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The early nineteenth century in the United States was marked by its steady expansion to the Mississippi River. However, due to the Gadsden purchase, that lead to U.S. control of the borderlands of southern New Mexico and Arizona as well as the authority over Oregon country, Texas and California; America’s expansion would not end there. Between 1830 and 1860 the U.S. practically doubled the amount of land under its control.
These territorial gains coincided with the arrival of hordes of European and Asian immigrants who wished to join the surge of American settlers heading west. This, combined with the discovery of gold in 1849, presented alluring opportunities for those willing to make the extended journey westward. Consequently, with the military’s protection and the U.S. government’s assistance, many settlers started establishing their homesteads in the Great Plains and other parts of the Native American tribe-inhabited West.
Native American Tribes
Native American Policy can be defined as the regulations and procedures made and adapted in the United States to summarize the relationship between Native American tribes and the federal government. When the United States initially became a sovereign country, it adopted the European policies towards the native peoples, but throughout two centuries the U.S. adapted its very own widely varying regulations regarding the evolving perspectives and necessities of Native American regulation.
In 1824, in order to execute the U.S. government’s Native American policies, Congress created a new agency within the War Department called the Bureau of Indian Affairs, which worked directly with the U.S. Army to enforce their policies. At times the federal government recognized the Indians as self-governing, independent political communities with numerous cultural identities; however, at other times the government attempted to compel the Native American tribes to abandon their cultural identity, surrender their land and assimilate into the American customs.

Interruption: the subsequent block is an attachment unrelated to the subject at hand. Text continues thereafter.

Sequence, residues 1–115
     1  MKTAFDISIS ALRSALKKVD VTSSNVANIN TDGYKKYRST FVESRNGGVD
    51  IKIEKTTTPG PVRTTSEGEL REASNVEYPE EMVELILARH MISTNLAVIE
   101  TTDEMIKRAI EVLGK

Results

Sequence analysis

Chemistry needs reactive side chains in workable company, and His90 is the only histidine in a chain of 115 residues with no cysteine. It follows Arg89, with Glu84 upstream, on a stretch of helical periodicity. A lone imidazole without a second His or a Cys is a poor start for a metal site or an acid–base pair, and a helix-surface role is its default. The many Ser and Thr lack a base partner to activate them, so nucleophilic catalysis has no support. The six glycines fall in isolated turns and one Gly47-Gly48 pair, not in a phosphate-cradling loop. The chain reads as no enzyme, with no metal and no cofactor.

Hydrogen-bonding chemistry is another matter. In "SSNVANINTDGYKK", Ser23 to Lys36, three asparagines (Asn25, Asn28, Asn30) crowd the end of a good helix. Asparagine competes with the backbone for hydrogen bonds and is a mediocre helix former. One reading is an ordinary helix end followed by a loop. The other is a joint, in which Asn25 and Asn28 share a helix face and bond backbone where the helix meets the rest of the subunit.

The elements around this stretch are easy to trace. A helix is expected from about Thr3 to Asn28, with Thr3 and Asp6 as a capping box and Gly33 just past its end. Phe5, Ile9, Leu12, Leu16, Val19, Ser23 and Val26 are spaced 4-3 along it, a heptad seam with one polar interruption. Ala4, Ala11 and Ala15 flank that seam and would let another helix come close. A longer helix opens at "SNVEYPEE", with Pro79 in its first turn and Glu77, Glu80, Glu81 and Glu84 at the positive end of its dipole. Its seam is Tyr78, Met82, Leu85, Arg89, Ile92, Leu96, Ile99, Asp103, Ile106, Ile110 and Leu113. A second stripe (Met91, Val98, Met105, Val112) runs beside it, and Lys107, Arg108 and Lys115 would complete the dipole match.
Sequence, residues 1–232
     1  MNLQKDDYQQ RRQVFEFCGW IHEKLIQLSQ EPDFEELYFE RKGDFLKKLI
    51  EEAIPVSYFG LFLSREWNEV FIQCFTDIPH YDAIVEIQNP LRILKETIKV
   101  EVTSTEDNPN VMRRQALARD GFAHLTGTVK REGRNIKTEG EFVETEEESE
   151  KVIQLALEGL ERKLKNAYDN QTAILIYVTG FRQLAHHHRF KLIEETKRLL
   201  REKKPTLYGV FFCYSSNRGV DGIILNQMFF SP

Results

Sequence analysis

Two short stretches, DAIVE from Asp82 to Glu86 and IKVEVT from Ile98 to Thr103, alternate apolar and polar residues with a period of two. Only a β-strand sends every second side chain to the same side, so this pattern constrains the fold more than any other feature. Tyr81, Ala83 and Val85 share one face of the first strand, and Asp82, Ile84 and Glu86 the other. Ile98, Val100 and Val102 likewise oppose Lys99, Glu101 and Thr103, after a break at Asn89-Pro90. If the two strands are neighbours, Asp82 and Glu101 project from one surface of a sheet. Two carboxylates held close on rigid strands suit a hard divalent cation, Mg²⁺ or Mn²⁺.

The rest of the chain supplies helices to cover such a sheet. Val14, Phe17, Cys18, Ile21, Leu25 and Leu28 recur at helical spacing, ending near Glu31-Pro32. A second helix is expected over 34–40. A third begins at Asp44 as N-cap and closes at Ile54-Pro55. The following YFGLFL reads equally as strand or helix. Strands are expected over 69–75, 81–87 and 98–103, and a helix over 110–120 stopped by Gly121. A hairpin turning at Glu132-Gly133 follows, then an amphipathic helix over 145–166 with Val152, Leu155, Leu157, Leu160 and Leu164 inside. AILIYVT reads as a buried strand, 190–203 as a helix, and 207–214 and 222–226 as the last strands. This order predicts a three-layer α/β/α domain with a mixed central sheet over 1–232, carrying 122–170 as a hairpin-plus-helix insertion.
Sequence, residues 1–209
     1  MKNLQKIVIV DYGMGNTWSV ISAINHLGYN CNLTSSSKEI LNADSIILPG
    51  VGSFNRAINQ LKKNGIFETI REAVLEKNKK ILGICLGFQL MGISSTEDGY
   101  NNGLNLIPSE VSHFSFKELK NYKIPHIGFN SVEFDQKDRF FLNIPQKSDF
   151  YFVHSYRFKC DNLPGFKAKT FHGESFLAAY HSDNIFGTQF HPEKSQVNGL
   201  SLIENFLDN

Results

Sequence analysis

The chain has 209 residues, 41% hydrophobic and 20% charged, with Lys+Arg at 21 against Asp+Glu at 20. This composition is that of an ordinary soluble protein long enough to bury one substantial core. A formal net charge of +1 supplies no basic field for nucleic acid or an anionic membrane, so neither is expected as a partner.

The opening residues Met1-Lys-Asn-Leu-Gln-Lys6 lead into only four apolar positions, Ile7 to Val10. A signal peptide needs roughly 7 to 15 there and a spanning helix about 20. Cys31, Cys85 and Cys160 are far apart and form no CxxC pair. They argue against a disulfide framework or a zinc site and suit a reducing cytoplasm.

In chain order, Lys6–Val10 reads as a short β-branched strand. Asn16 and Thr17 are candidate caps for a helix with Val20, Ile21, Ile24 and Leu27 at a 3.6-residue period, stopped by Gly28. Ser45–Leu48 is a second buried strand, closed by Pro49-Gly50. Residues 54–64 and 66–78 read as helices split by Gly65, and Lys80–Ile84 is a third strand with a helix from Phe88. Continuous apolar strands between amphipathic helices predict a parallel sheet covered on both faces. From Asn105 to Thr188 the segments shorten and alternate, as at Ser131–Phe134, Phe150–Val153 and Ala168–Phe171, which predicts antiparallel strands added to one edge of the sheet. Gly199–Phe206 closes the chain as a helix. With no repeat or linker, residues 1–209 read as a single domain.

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With the steady flow of settlers in to Indian controlled land, Eastern newspapers circulated sensationalized stories of cruel native tribes committing massive massacres of hundreds of white travelers. Although some settlers lost their lives to American Indian attacks, this was in no way the norm; in fact, Native American tribes routinely helped settlers cross the Plains. Not only did the American Indians offer wild game and other supplies to travelers, but they served as guides and messengers between wagon trains as well. Despite the friendly natures of the American Indians, settlers still anticipated the possibility of an attack.